> is not constant -- the needle deflects once maybe every 2 or 3 seconds.
> However, the leak is directed straight at the media PC. Should I try using
> metallic tape to seal the crack?
>
>

2009\01\30@181400 by Nate Duehr

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Yeah, since there's really no cheap/good way to vary the power output, they
just turn it on and off.

The mode shouldn't be called "power", it should be called
"transmitter-duty-cycle".   But the average Joe wouldn't know what that
meant...

Nate

{Original Message removed}

2009\01\30@190226 by apptech

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> OK, I tried it again and detected some signal at the hinges (needle
> deflecting ~1/3 of the way).

I'd say "1/3 deflection" is moe than "some" !!! :-).
And you can probably get 100% deflection with intelligent positioning.
You seem to have a nice slot radiator as suggested - just a shorter one than
could have been.

Sounds like it's working about right AND has found what you are looking for.

> The thing that confused me, is that the signal
> is not constant -- the needle deflects once maybe every 2 or 3 seconds.

As adumbrated / noted by me and others, ovens set their power by PWMing at
0/100% power with a cycle time of typically 10 to 20 seonds. That's SLOW PWM
:-).
So you can use it to advantage to not be there when the powe ris.

>> If you do this on low setting and wait until the
>> long off part of the cycle (you can tell by the sound it makes) then you
>> can
>> do this with safety.

> However, the leak is directed straight at the media PC. Should I try using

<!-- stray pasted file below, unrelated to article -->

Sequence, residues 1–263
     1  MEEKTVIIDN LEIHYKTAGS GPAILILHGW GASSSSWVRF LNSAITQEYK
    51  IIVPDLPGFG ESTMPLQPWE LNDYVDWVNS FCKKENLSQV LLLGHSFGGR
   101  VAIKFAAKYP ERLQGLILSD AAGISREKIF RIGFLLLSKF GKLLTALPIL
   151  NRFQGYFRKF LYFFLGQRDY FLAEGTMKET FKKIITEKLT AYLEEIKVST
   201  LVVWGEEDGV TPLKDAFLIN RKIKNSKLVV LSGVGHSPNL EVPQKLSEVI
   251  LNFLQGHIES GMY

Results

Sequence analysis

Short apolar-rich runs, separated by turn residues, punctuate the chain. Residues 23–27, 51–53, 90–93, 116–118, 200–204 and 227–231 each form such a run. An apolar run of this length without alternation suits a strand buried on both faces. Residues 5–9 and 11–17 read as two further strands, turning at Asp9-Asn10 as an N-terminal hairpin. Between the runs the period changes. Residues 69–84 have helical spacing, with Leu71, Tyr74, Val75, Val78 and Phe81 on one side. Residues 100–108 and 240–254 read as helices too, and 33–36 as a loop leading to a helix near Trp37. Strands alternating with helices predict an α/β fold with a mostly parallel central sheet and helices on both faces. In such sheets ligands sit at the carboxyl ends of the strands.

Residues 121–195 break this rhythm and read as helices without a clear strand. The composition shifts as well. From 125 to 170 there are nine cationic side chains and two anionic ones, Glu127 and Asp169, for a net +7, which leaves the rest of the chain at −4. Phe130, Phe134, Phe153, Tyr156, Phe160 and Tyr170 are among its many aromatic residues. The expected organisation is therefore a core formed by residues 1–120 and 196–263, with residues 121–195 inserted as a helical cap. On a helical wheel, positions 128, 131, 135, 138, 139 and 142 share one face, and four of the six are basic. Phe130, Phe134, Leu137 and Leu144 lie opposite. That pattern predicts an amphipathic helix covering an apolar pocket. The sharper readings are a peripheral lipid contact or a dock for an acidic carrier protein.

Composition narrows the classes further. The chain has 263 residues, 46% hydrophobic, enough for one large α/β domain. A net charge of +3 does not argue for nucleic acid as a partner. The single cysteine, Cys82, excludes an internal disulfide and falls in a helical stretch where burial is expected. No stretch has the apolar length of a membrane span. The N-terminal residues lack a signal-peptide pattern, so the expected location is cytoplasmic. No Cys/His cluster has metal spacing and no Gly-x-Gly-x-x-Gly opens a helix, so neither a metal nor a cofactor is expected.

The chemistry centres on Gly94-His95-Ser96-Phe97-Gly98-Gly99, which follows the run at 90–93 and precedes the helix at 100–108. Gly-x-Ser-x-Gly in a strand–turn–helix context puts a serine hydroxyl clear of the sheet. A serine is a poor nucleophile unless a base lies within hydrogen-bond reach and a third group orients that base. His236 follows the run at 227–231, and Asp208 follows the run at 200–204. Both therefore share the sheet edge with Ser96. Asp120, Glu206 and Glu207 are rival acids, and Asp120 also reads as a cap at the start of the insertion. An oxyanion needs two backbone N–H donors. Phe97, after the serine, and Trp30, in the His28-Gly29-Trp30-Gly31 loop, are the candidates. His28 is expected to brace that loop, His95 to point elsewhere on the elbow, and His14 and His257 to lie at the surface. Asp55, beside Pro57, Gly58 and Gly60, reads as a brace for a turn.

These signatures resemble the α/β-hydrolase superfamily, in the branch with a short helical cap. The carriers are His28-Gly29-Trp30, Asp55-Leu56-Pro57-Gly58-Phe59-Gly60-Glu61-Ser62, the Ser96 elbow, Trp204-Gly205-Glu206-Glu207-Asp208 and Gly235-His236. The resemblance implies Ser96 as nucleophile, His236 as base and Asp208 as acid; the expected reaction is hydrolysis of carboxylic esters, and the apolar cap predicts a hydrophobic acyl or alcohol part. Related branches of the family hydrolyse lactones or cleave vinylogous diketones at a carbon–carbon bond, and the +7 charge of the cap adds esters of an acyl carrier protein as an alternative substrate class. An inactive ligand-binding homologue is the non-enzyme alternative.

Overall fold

> metallic tape to seal the crack?

Or turn it 90 degrees temporarily to see what happens. Or place a metal
sheet in front of the slot temporarily. Noting that you now have a mirror
and may have a "lens" :-).
Standing at a few feet remove helps heaps.

{Quote hidden}

Welcome to the club. We cowards tend to have longer lives. I'm seen as a
risk taker but I always try and take my risks with as much understanding as
possible - I don't see it as risky - rather intelligent dancing. eg if your
oven when set to 10% power level hums for 2 seconds and then makes far less
noise for 18 seconds then repeats ad infinitum, you can guess that it is
powering on during those two seconds. Placing the meter at the door hinge
and observing from a distance will help confirm this. If so you can then do
apparently risky things in the middle of that 18 second block. The designers
MAY catch you out, and cracking the door in the midst of a cycle MAY cause
the oven to emit briefly as the in\terlocks shut it down (there's no
accounting for software) but odds are the risk is very low. YMMV. Let it do
so intelligently.

An alternative to all this is to complain to the supplier. And/or check
another nominally identical oven and see if it is as badly affected.

Or add shielding, as you say.

Aren't you glad you bought the meter? :-)



            Russell

2009\01\31@061310 by Tony Smith

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> > Sorry, call me a coward if you want, but this just reminds me of the
sort
> > of
> > thing that happen prior to the criticality accidents.
>
> Welcome to the club. We cowards tend to have longer lives. I'm seen as a
> risk taker but I always try and take my risks with as much understanding
as
> possible - I don't see it as risky - rather intelligent dancing. eg if
your
> oven when set to 10% power level hums for 2 seconds and then makes far